Some small tra­jec­tory changes could be suboptimal

Per­sis­tent tra­jec­tory changes that do not in­volve ex­is­ten­tial catas­tro­phes could have great sig­nifi­cance for shap­ing the far fu­ture. It is un­likely that the far fu­ture will in­herit many of our in­sti­tu­tions ex­actly as they are, but var­i­ous as­pects of the far fu­ture—in­clud­ing so­cial norms, val­ues, poli­ti­cal sys­tems, and per­haps even some tech­nolo­gies—may be path de­pen­dent on what hap­pens now, and some­times in sub­op­ti­mal ways. In gen­eral, it is rea­son­able to as­sume that if there is some prob­lem that might ex­ist in the fu­ture and we can do some­thing to fix it now, fu­ture peo­ple would also be able to solve that prob­lem. But if val­ues or so­cial norms change, they might not agree that some things we think are prob­lems re­ally are prob­lems. Or, if peo­ple make the wrong de­ci­sions now, cer­tain stan­dards or con­ven­tions may get en­trenched, and re­sult­ing prob­lems may be too ex­pen­sive to be worth fix­ing. For fur­ther cat­e­gories of ex­am­ples of path-de­pen­dent as­pects of the far fu­ture, see these posts by Robin Han­son.

The as­tro­nom­i­cal waste ar­gu­ment and tra­jec­tory changes

Bostrom’s ar­gu­ment only works if re­duc­ing ex­is­ten­tial risk is the most effec­tive way of max­i­miz­ing hu­man­ity’s fu­ture po­ten­tial. But there is no ro­bust ar­gu­ment that try­ing to re­duce ex­is­ten­tial risk is a more effec­tive way of shap­ing the far fu­ture than try­ing to cre­ate other pos­i­tive tra­jec­tory changes. Bostrom’s ar­gu­ment for the over­whelming im­por­tance of re­duc­ing ex­is­ten­tial risk can be sum­ma­rized as fol­lows:

  1. The ex­pected size of hu­man­ity’s fu­ture in­fluence is as­tro­nom­i­cally great.

  2. If the ex­pected size of hu­man­ity’s fu­ture in­fluence is as­tro­nom­i­cally great, then the ex­pected value of the fu­ture is as­tro­nom­i­cally great.

  3. If the ex­pected value of the fu­ture is as­tro­nom­i­cally great, then what mat­ters most is that we max­i­mize hu­man­ity’s long-term po­ten­tial.

  4. Some of our ac­tions are ex­pected to re­duce ex­is­ten­tial risk in not-ridicu­lously-small ways.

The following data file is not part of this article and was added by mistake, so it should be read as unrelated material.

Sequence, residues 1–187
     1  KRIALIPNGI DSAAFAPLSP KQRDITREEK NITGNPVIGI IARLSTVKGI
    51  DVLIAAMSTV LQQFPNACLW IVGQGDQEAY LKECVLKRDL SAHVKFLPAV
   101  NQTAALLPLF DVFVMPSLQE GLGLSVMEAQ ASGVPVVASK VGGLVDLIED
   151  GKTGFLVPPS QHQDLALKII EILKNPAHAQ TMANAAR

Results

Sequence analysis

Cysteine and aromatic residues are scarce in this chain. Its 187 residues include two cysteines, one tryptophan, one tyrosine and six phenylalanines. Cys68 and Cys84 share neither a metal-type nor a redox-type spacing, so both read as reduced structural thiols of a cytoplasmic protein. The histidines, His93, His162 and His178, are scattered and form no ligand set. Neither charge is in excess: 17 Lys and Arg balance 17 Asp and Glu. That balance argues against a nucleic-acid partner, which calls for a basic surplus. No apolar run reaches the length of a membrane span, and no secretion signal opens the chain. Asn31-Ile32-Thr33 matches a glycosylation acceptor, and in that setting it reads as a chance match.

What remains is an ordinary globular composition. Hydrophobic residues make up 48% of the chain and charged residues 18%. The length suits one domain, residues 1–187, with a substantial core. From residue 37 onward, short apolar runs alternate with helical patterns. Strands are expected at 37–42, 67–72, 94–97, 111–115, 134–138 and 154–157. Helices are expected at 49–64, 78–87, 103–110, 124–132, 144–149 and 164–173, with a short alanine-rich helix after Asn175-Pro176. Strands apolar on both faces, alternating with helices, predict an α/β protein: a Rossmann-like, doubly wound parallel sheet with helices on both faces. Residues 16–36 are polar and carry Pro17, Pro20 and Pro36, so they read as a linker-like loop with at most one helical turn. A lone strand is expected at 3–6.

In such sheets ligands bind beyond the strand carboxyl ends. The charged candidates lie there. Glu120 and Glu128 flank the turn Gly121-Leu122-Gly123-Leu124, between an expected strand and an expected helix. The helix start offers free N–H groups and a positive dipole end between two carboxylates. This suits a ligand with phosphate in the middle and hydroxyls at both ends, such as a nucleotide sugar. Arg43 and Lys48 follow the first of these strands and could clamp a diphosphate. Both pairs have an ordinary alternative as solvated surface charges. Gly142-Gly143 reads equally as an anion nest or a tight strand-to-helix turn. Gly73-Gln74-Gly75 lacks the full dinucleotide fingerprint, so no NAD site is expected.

5. If what mat­ters most is that we max­i­mize hu­man­ity’s fu­ture po­ten­tial and some of our ac­tions are ex­pected to re­duce ex­is­ten­tial risk in not-ridicu­lously-small ways, what it is best to do is pri­mar­ily de­ter­mined by how our ac­tions are ex­pected to re­duce ex­is­ten­tial risk.

  6. There­fore, what it is best to do is pri­mar­ily de­ter­mined by how our ac­tions are ex­pected to re­duce ex­is­ten­tial risk.

Call that the “as­tro­nom­i­cal waste” ar­gu­ment.

It is un­clear whether premise (5) is true be­cause it is un­clear whether try­ing to re­duce ex­is­ten­tial risk is the most effec­tive way of max­i­miz­ing hu­man­ity’s fu­ture po­ten­tial. For all we know, it could be more effec­tive to try to cre­ate other pos­i­tive tra­jec­tory changes. Clearly, it would be bet­ter to pre­vent ex­tinc­tion than to im­prove our so­cial norms in a way that in­di­rectly makes the fu­ture go one mil­lionth bet­ter, but, in gen­eral, “X is a big­ger prob­lem than Y” is only a weak ar­gu­ment that “try­ing to ad­dress X is more im­por­tant than try­ing to ad­dress Y.” To be strong, the ar­gu­ment must be sup­ple­mented by look­ing at many other con­sid­er­a­tions re­lated to X and Y, such as how much effort is go­ing into solv­ing X and Y, how tractable X and Y are, how much X and Y could use ad­di­tional re­sources, and whether there are sub­sets of X or Y that are es­pe­cially strong in terms of these con­sid­er­a­tions.

Bostrom does have ar­gu­ments that speed­ing up de­vel­op­ment and pro­vid­ing prox­i­mate benefits are not as im­por­tant, in them­selves, as re­duc­ing ex­is­ten­tial risk. And these ar­gu­ments, I be­lieve, have some plau­si­bil­ity. Since we don’t have an ar­gu­ment that re­duc­ing ex­is­ten­tial risk is bet­ter than try­ing to cre­ate other pos­i­tive tra­jec­tory changes and an ex­is­ten­tial catas­tro­phe is one type of tra­jec­tory change, it seems more rea­son­able for defen­ders of the as­tro­nom­i­cal waste ar­gu­ment to fo­cus on tra­jec­tory changes in gen­eral. It would be bet­ter to re­place the last two steps of the above ar­gu­ment with:

4’ Some of our ac­tions are ex­pected to change our de­vel­op­ment tra­jec­tory in not-ridicu­lously-small ways.

5’. If what mat­ters most is that we max­i­mize hu­man­ity’s fu­ture po­ten­tial and some of our ac­tions are ex­pected to change our de­vel­op­ment tra­jec­tory in not-ridicu­lously-small ways, what it is best to do is pri­mar­ily de­ter­mined by how our ac­tions are ex­pected to change our de­vel­op­ment tra­jec­tory.

6’. There­fore, what it is best to do is pri­mar­ily de­ter­mined by how our ac­tions are ex­pected to change our de­vel­op­ment tra­jec­tory.

This seems to be a strictly more plau­si­ble claim than the origi­nal one, though it is less fo­cused.